Researchers also found the occurrence of cancers in smaller dogs was low, whether neutered or kept intact. In two breeds of smaller dogs, the Boston terrier and the shih tzu, there was a significant increase in cancers with neutering.

Another important finding was that the sex of the dog sometimes made a difference in health risks when neutered. Female Boston terriers neutered at the standard six months of age, for example, had no increased risk of joint disorders or cancers compared with intact dogs, but male Boston terriers neutered before a year of age had significantly increased risks.

Previous studies have found that neutering or spaying female golden retrievers at any age increases the risk of one or more of the cancers from 5 percent to up to 15 percent.

Discuss choices with veterinarians

Dog owners in the United States are overwhelmingly choosing to neuter their dogs, in large part to prevent pet overpopulation, euthanasia or reduce shelter intake. In the U.S., surgical neutering is usually carried out by six months of age.

This study suggests that dog owners should carefully consider when and if they should have their dog neutered.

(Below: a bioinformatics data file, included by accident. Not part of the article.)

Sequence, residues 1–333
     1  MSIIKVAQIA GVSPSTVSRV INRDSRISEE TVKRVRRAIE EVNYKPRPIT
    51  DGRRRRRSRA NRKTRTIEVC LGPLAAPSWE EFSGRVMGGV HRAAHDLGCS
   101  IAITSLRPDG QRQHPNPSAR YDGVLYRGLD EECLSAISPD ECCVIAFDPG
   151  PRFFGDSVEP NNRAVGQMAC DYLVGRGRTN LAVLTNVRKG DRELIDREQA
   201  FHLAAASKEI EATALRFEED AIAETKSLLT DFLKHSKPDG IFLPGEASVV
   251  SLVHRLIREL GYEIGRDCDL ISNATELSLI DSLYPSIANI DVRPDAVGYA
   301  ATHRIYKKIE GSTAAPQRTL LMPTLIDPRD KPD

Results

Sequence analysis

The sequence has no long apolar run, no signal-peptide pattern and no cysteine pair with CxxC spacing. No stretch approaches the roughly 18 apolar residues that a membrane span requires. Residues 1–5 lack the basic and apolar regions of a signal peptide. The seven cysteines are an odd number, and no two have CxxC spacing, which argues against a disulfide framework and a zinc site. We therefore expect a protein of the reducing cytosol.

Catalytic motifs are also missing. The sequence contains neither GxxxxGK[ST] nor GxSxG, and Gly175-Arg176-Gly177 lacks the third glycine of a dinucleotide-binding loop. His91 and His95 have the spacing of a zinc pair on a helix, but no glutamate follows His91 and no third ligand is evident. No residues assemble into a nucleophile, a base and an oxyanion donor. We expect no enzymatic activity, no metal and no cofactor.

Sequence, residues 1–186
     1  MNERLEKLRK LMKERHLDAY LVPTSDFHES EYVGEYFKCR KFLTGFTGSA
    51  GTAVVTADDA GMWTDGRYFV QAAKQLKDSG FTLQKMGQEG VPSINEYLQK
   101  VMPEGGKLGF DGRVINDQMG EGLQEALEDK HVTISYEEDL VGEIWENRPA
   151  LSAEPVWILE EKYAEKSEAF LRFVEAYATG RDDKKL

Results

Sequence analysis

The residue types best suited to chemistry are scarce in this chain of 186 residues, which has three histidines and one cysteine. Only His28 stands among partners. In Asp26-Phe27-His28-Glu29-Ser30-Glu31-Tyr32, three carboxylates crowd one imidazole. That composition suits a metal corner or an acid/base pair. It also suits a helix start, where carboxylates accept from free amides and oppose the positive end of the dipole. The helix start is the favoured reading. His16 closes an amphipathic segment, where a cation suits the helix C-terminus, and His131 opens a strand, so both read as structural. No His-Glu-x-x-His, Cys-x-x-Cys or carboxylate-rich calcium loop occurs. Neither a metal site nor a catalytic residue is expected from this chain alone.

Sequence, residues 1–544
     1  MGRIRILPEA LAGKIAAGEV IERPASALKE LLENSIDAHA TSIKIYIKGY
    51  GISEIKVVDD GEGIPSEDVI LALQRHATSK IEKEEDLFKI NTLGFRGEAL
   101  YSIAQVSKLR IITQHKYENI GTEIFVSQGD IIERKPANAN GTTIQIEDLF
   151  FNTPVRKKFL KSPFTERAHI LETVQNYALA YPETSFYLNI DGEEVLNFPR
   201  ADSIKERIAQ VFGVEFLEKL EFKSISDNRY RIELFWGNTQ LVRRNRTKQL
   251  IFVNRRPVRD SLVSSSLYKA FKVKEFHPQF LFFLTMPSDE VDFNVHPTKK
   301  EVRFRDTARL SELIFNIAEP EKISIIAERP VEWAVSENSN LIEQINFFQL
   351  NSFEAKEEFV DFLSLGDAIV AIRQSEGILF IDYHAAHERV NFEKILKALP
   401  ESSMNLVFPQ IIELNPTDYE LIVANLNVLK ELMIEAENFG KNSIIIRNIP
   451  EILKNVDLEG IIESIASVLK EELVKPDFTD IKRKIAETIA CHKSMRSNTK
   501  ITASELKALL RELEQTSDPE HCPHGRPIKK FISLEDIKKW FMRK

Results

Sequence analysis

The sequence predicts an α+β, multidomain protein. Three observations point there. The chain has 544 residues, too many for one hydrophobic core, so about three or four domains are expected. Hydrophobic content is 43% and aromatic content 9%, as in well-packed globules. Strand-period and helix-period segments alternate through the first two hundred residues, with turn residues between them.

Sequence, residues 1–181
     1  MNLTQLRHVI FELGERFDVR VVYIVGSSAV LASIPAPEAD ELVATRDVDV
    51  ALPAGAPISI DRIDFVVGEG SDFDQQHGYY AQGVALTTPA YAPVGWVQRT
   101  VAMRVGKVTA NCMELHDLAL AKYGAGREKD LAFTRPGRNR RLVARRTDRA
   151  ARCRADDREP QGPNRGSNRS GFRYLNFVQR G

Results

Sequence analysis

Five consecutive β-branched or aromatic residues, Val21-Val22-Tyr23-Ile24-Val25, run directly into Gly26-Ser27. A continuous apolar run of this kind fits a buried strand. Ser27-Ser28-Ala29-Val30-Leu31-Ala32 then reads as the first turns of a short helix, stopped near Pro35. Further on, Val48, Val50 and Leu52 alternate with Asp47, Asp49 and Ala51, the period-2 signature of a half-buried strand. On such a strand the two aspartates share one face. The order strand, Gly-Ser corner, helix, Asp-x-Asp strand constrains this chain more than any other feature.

“We think it’s the decision of the pet owner, in consultation with their veterinarian, not society’s expectations that should dictate when to neuter,” said Benjamin Hart. “This is a paradigm shift for the most commonly performed operation in veterinary practice.”

The study lays out guidelines for pet owners and veterinarians for each of 35 breeds to assist in making a neutering decision. Read the full list here.

Other authors include Abigail Thigpen with UC Davis School of Veterinary Medicine, and Neil Willits with the Department of Statistics in the UC Davis College of Letters and Science. Research support came from the Canine Health Foundation, the UC Davis Center for Companion Animal Health and Versatility in Poodles.

Media Resources

Benjamin Hart, School of Veterinary Medicine, blhart@ucdavis.edu

Lynette Hart, School of Veterinary Medicine, lahart@ucdavis.edu